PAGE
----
Furthermore, Paprocki instructed that other Catholic state legislators who supported the abortion bill should not present themselves for Holy Communion.
The earlier 2017 legislation he referenced, House Bill 40, facilitated taxpayer funding of abortion and mandated that, if Roe v. Wade were to be reversed at the Supreme Court, abortion would remain legal in Illinois.
Bishop Paprocki cited the Code of Canon Law, specifically canons 915 and 916, in his decree. Canon 916 forbids Catholics who are conscious of mortal sin from receiving Communion without first going to Confession and repenting of sin. Canon 915 instructs that public figures who obstinately persevere in manifest grave sin not be admitted to the sacraments.
"'Obstinate' means they're stubborn," Paprocki explained. "The Church has been clear on this teaching, they've been repeatedly calling them back to what the Church teaches, and they're just digging in, they're not going to change their views. And 'persistent' means that happens over a period of time."
Both bishops said they had communicated, or attempted to communicate, directly with Madigan and Cullerton.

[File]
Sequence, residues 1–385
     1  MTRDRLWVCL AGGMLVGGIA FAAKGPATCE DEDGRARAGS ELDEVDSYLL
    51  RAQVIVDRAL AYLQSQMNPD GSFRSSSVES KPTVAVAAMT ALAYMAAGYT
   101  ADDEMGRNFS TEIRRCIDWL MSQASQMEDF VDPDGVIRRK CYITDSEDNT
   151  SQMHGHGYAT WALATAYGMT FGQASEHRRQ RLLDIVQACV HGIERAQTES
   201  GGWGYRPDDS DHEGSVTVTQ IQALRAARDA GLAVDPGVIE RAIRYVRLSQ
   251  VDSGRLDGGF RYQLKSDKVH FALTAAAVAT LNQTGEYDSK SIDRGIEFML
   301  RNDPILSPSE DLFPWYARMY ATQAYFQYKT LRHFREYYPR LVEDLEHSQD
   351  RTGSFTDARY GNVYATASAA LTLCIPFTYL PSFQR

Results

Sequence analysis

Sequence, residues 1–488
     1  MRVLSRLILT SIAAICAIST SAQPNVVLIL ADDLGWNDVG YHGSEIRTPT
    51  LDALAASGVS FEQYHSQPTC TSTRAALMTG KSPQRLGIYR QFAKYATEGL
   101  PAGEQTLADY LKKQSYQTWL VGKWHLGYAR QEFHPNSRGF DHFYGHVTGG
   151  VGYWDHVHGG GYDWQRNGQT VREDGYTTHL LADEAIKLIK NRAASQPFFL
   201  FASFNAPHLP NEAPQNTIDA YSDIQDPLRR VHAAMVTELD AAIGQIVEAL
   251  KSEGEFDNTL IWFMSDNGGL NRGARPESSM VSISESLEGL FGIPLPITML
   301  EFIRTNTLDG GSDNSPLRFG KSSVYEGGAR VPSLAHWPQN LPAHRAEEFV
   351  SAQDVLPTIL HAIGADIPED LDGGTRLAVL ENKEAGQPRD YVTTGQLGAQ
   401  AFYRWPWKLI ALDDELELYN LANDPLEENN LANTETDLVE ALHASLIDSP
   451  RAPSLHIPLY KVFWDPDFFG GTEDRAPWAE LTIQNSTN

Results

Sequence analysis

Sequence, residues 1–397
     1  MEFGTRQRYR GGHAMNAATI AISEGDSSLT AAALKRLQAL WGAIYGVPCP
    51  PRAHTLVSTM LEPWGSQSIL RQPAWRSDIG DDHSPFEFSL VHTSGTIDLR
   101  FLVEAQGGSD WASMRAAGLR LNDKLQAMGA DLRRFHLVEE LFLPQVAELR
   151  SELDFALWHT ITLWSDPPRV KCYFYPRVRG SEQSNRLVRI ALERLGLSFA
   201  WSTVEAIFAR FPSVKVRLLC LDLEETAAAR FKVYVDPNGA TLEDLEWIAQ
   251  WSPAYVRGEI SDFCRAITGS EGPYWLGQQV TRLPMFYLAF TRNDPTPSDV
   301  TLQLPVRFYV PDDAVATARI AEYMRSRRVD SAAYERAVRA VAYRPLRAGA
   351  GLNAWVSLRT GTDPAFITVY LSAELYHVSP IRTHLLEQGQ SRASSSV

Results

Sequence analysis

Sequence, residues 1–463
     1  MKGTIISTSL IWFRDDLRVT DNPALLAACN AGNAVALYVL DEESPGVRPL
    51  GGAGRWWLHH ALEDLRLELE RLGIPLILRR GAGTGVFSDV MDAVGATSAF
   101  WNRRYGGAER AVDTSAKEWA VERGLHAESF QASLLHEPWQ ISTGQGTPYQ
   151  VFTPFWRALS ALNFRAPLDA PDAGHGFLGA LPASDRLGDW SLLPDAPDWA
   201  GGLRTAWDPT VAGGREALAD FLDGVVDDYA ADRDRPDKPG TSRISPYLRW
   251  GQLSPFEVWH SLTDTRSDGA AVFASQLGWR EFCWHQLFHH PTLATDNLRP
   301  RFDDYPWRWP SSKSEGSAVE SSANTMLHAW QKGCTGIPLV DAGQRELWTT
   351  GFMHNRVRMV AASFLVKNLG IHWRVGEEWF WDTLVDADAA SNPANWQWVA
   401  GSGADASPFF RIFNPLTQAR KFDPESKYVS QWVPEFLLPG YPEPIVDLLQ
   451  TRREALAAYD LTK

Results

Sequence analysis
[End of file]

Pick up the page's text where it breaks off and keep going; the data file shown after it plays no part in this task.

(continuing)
"I have conversations with them, and those continue to take place. They have to," Cupich said.
Paprocki said he conversed with Madigan and made a phone call to Cullerton that was not returned, and subsequently wrote both of them "because I wanted them to hear directly from me" before he made the decree.
Both Paprocki and Cupich told pro-lifers to continue fighting for life.
"We've been at this since Roe v. Wade, and we're going to continue. This is not going to daunt us at all. We are going to continue to say our message, and we are gaining ground among young people, especially," Cupich said.
"This is not only an issue of the Church, it's an issue for the soul of the country and for American people."
"I know it can be very discouraging when you see legislation like this passing," Paprocki said.
(Story continues below)
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"I had one person say to me 'maybe I'm in the wrong state, maybe I need to move to another state.'"
Referencing the early Christians who lived in the Roman Empire, Paprocki said that "the Christians didn't try to move somewhere where they could all be together and not be surrounded by the pagan culture. What they did was they stayed in that culture but they tried to transform the culture. Or they just said 'We're going to live differently. We're going to live by our Christian values.'"